What is a healthy workplace?
A workplace can only be considered healthy if three key elements/avenues of influence are addressed:
- The Physical Environment:
Addressing "traditional" health and safety legislation requirements
- Personal Health Resources:
Supporting healthy lifestyle practices
- The Organizational Culture:
Creating the right psychosocial work environment
These three elements of a healthy workplace influence/impact one another. For a workplace health strategy to be effective, each avenue of influence must be addressed in an integrated, comprehensive manner. Health and safety measures, lifestyle-related programs, and a positive culture that supports these initiatives and employees' psychosocial needs are imperative to a healthy workplace.
What the law says
The Occupational Health and Safety Act, which gives the Government of Ontario broad powers to make regulations, sets out general principles and duties for the workplace parties. The regulations set out in detail how these duties are to be carried out. Many regulations have been made under the Act. For example, there are four separate safety regulations that apply to industrial establishments, construction sites, mines, and health care facilities.
Employers, supervisors, owners and constructors, among others, have an obligation to know and comply with the regulations that apply to their workplaces. Contact your health and safety provider for the specifics on the regulations that cover your workplace.
How having a healthy workplace program can help your business
There is data linking healthy workplace strategies to:
- Absenteeism and turnover
- Accidents, illness, levels of stress and depression
- Insurance claims and costs
- Use of short- and long-term disability
- Health and safety performance
- Employee satisfaction
- Employee engagement
Three things are clear:
- Unhealthy, unsafe and stressful workplaces are costing Canadian employers billions of dollars annually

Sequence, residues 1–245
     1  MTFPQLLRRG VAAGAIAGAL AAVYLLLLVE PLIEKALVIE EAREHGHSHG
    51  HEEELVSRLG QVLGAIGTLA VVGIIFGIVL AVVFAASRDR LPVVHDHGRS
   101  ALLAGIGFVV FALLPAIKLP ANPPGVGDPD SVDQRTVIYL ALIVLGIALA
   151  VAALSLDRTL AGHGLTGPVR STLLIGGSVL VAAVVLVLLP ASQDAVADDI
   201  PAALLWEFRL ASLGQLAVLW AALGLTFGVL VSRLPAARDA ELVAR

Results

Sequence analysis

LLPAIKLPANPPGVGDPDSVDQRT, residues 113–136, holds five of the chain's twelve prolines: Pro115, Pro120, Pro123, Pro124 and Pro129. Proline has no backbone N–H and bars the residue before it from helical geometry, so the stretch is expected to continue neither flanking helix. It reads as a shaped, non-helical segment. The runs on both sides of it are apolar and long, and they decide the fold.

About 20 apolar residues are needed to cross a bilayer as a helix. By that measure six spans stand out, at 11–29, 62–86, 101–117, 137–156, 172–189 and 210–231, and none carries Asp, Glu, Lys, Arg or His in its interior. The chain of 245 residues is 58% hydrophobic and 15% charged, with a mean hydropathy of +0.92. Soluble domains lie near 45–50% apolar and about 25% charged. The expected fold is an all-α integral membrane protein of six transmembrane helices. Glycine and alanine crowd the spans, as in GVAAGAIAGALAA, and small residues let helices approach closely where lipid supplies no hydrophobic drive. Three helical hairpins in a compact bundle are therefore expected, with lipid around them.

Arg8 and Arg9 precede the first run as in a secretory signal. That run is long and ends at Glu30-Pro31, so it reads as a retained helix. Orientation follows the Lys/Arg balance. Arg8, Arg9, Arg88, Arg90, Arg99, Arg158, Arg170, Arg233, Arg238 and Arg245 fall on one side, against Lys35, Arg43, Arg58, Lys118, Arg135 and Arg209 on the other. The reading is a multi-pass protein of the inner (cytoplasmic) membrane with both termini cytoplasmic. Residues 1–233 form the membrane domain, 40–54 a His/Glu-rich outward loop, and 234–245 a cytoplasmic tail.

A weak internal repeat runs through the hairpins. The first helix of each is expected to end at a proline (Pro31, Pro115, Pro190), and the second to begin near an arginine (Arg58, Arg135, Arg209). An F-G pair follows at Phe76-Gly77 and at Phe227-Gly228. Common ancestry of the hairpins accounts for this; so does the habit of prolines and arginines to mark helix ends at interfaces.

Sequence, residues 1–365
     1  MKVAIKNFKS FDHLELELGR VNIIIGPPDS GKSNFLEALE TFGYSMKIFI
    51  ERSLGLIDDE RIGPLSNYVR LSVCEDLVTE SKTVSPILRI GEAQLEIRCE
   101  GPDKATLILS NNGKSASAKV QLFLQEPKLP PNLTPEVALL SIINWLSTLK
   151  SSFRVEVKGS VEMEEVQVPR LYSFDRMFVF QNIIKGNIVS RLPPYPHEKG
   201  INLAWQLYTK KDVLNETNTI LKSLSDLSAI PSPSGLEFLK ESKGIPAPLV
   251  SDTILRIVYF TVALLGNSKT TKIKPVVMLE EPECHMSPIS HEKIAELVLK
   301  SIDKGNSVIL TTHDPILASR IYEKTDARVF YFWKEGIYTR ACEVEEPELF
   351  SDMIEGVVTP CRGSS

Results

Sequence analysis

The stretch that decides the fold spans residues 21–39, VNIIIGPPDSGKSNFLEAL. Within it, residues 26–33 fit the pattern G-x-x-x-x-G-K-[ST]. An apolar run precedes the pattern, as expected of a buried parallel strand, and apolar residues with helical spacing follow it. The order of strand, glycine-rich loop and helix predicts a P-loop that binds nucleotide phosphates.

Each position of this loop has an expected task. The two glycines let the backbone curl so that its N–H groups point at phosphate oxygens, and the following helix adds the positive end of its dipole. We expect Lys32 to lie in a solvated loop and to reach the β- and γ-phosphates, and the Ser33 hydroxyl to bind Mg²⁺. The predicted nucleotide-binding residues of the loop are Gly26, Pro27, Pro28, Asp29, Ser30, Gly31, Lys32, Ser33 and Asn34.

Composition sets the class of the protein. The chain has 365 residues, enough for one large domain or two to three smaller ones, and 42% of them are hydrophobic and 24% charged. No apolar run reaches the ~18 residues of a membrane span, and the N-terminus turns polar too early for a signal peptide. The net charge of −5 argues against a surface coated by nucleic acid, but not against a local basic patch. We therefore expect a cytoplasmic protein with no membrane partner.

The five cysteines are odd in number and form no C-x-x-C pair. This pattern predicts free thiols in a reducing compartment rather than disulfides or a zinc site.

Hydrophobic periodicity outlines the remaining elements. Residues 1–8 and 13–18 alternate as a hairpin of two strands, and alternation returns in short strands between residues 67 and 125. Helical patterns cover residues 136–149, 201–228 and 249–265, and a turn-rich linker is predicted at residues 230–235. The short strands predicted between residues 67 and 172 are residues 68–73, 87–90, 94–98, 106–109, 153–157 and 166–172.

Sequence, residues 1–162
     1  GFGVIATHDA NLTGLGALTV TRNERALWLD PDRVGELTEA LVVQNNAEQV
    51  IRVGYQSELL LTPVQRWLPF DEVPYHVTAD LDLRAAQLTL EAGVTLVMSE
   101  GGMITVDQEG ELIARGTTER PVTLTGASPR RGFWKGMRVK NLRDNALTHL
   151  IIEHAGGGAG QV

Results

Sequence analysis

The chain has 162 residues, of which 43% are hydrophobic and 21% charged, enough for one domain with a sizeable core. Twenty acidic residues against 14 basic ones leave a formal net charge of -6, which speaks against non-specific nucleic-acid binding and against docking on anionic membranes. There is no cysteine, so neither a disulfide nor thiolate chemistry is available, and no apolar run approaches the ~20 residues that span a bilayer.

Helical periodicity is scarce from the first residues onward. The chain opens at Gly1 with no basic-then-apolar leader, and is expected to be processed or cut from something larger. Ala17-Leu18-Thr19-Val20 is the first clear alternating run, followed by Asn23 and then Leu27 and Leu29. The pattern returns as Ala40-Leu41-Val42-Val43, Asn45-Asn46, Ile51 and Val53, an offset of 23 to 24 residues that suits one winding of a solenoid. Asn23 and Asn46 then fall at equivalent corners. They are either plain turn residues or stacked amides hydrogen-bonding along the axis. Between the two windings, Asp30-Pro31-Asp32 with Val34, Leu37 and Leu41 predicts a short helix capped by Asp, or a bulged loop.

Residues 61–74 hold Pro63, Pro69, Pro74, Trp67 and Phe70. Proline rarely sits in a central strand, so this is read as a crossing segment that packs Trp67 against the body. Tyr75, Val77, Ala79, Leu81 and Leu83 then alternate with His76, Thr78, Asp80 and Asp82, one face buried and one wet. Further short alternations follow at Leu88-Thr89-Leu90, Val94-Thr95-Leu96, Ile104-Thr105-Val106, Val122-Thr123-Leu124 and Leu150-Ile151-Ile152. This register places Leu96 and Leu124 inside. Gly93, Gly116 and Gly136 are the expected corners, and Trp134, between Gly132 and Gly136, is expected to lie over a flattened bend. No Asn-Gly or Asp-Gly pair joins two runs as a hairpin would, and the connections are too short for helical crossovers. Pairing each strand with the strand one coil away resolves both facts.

- Workplace interventions can make significant improvements and save at least 20% of these costs
- Comprehensive, healthy workplace interventions cost far less than they are likely to save the company, returning between $1.15 and $8 for every dollar spent on developing healthy workplaces. Some effective interventions are virtually free.
Source: Creating Healthy Workplaces, 2006
What you can do
- "Gain commitment" from your management and other key stakeholders
- "Do a needs assessment" by identifying health and safety performance issues, compiling a list of existing organizational activities that support a healthy workplace approach, conduct interviews and/or focus groups, and administer a needs assessment survey with employees
- "Analyze the results" of the needs assessment and develop a summary of recommendations
- "Develop a workplace health plan" that clarifies your healthy workplace goals and objectives for the next three to five years; identify success/evaluation criteria, and develop a healthy workplace policy/standard
- "Develop program action plan" that help guide the planning and implementation of culture change activities; provide supervisor and employee training
- "Review and evaluate" your plan and tools, and identify opportunities for improvement and celebration/recognition